Pulphus v. Ayers, No. 17-5095 (D.C. Cir. 2018)

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Justia Opinion Summary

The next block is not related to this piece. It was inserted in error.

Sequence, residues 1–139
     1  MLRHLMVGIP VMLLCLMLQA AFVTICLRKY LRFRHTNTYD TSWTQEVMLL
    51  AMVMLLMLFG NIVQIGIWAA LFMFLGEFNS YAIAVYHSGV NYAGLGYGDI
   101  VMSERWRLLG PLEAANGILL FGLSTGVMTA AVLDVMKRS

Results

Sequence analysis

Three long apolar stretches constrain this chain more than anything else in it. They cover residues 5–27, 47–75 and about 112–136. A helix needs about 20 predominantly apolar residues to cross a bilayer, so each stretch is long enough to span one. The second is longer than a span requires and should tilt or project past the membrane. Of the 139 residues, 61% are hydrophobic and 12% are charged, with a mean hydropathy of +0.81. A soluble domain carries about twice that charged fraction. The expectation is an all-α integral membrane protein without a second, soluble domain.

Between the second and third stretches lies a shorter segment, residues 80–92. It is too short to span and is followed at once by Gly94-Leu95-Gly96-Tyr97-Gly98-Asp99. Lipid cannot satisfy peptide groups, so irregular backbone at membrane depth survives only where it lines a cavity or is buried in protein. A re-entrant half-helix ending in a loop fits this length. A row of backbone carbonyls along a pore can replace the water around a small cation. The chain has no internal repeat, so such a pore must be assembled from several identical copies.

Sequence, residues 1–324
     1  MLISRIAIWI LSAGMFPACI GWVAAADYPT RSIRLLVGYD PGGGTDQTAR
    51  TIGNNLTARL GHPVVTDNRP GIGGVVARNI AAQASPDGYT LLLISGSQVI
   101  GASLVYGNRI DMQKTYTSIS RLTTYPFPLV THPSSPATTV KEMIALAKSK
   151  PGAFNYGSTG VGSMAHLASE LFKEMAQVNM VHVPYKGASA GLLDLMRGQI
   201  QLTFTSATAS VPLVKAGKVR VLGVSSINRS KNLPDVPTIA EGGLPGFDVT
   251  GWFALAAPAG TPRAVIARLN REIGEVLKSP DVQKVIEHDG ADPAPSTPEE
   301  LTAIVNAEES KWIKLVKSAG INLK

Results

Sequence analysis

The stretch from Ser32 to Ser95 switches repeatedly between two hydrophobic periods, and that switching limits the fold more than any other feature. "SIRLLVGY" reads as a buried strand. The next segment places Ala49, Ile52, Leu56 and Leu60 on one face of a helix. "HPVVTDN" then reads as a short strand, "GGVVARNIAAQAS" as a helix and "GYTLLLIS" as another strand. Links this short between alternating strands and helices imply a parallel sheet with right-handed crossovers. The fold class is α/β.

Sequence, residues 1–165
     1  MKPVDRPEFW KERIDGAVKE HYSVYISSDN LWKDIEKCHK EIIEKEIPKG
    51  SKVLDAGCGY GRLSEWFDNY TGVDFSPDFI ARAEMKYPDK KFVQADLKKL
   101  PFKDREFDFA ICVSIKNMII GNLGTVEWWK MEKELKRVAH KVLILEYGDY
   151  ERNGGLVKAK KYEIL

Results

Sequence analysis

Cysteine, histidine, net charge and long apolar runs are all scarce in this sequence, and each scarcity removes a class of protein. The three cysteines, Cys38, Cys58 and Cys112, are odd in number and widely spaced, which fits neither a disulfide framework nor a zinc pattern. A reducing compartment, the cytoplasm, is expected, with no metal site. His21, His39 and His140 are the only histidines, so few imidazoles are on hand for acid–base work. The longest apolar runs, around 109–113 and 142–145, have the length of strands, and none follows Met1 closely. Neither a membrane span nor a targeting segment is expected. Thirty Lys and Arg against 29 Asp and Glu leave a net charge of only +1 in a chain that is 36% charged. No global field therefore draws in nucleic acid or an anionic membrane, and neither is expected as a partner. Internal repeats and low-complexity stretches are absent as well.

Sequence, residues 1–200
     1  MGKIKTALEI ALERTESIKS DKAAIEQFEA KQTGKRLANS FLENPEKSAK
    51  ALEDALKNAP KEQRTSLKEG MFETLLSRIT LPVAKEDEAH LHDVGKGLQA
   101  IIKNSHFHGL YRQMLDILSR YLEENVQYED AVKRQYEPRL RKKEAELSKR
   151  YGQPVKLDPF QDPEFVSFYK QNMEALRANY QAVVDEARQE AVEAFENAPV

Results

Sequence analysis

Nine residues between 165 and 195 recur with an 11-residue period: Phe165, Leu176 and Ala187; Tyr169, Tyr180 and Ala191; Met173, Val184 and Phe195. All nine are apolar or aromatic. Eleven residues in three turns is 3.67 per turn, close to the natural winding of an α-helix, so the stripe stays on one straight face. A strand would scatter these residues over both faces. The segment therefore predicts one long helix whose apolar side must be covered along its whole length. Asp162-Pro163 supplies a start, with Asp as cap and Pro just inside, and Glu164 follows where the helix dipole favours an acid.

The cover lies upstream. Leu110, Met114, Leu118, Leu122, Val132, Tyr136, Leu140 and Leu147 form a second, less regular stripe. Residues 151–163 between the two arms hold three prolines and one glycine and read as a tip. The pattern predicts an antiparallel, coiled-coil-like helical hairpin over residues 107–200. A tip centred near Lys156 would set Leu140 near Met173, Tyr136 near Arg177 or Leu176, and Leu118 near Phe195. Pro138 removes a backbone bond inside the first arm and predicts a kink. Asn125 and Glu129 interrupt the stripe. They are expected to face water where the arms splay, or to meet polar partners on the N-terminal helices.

The Architect of the Capitol removed high school student David Pulphus’ painting from the exhibition of the 2016 winners of the Congressional Art Competition. The painting was initially described as “a colorful landscape of symbolic characters representing social injustice, the tragic events in Ferguson, Missouri, and the lingering elements of inequality in modern American society.” It was removed after protests by police unions and a FOX news personality, based on a newspaper story that described it as “depicting police officers as pigs with guns terrorizing a black neighborhood.” After unsuccessfully asking that the House Office Building Commission overrule the removal decision, Pulphus and Missouri Congressman Clay unsuccessfully sought a preliminary injunction, alleging violations of their First Amendment rights. The D.C. Circuit dismissed an appeal as moot; the 2016 Congressional Art Competition is over and no other concrete, redressable injury is alleged that was caused by the Architect’s removal decision.